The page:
Alpco FAQs

If your questions are not listed below, please contact technical support:

Q. What kind of sample type can be used with the kit I purchased?

A. Each type of kit has been validated for the sample types indicated in its protocol. All other sample types would have to be validated internally.

Q. Is this kit cross reactive with another species?

A. Each type of kit has been validated for the species indicated in the protocol. Although cross reactivity may exist, validation of other species would need to be performed internally.

Q. How many standards and controls do I run?

A. Each kit will include at least one set of standards (or one vial of standard to be diluted) and in most cases one or two controls. Standards and controls (if included) must be run each time the assay is performed and it is highly recommended to run all standards/controls/and samples in duplicate.

Q. Can I use reagents from other kits or lots?

A. No. Do not substitute components from other kits or lots.

Q. Can I modify incubation times or temperatures?

A. No. Please do not deviate from the protocol.

Q. Can I use an expired kit?

A. No. The kit should not be used if it is past the expiration date specified on the kit label.

Q. Can I use a kit that has been left at room temperature?

A. Please be sure that the kit and its components are stored as indicated in the kit insert. For additional information about kit stability at room temperature please contact the Stratech Technical team.

Q. Can I skip running the control(s) on my assay?

A. No. If a control(s) is provided always be sure to run the control(s) with each assay. The concentrations of the controls should fall within the range specified on the certificate of analysis.

Q. Can I wash my plate with a multichannel pipette?

A. We do not recommend the use of a multichannel pipette. Wash buffer must be dispensed with adequate and equal force to properly wash the wells. We recommend the use of a Statmatic wash nozzle or an automated plate washer. Please refer to the Learning Center tab of the Resources section of the website for a video displaying proper washing technique or click here.

Q. Is it necessary to make a layout of my samples?

A. It is extremely important to know where your standards, controls and samples are located on the plate so that results are generated appropriately. Click here for a downloadable platemap. It also helps to label the strips on the plate (use small tabs at each end) in the event that strips become loose while decanting.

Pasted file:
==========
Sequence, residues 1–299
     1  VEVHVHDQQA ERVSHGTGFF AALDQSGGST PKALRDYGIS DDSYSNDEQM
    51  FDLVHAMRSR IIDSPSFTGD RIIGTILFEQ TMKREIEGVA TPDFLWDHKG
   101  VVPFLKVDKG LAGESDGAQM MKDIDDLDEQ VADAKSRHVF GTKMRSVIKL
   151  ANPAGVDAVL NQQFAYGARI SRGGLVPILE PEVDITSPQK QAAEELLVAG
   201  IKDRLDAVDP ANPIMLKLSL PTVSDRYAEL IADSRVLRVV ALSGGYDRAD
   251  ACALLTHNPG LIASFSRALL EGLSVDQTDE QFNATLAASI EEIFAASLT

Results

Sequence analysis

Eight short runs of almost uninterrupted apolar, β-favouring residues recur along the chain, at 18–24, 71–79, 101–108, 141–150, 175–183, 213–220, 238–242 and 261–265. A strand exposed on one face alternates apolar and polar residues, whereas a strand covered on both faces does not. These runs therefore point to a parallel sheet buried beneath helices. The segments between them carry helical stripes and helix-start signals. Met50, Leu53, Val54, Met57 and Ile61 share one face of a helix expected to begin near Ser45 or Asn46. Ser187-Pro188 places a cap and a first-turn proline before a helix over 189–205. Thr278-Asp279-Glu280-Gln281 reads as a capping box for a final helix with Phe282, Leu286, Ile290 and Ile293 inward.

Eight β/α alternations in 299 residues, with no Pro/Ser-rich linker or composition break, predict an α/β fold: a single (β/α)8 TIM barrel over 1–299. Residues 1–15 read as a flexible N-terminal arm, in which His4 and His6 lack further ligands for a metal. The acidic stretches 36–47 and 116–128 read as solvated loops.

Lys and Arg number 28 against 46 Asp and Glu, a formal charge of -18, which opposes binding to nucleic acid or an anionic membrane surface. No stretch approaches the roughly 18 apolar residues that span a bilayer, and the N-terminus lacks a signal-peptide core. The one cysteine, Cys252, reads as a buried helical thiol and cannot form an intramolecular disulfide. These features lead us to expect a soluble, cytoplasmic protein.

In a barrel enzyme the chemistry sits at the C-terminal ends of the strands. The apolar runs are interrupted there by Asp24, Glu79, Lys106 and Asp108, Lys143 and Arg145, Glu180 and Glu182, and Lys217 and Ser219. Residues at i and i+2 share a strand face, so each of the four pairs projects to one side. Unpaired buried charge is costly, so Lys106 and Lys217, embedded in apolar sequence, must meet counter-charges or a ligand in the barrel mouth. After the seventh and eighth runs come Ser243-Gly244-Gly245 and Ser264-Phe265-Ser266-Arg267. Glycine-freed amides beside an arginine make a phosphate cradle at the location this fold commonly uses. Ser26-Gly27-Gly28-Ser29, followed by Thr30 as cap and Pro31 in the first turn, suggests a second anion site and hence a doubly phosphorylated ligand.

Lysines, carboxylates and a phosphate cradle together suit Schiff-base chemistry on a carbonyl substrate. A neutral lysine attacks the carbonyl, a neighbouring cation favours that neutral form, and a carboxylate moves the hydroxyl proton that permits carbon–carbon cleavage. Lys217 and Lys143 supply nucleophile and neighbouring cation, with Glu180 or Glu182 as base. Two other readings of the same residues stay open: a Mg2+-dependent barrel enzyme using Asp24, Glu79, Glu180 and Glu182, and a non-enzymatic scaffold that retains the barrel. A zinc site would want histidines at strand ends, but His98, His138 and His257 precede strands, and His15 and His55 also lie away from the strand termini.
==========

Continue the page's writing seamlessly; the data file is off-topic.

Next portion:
Q. Why is the washing step so important?

A. Correct washing of the plate is a very critical and important aspect of running any successful ELISA. Consistency in washing the plate is essential. Washing the plate too rapidly or too slowly, incomplete washing or aspirating, and allowing the wells to sit dry are all factors that will affect the precision of the assay. We do not recommend the use of a multichannel pipette for this purpose. Multichannel pipettes do not apply enough pressure to thoroughly remove the unbound material and this will result in higher background noise. A video displaying proper washing technique is available in the Learning Center section of the website or click here.

Q. How many times can I freeze and thaw my samples?

A. Recommended freeze/thaw cycles vary based on kit. We recommend to avoid repeated freeze and thaw cycles unless otherwise indicated in the manual. If the collected sample amount allows for it, prepare and freeze aliquots to eliminate or reduce freeze/thaw cycles.

Q. Can I use my own "homemade" buffers?

A. Each kit contains diluents and buffers that are formulated to closely match specific sample types. The manufacturer will not guarantee the performance of the kit if components that were not provided with the kit are used to run the assay.

Q. What should I do if I run out of diluent?

A. Enough reagents are provided to run the entire kit when the protocol is followed. If your type of study requires a greater dilution, calculate the amount of diluent needed prior to setting up the assay and additional diluent may be available for purchase.

Q. My controls are out of range. Is my data invalid?

A. The concentration of the controls must be within the range specified in the certificate of analysis. If the controls are out of range the assay may be invalid. Also, make sure the curve fit recommended in the protocol has been used. If more than one recommendation is provided use the regression method that best fits the standard data points.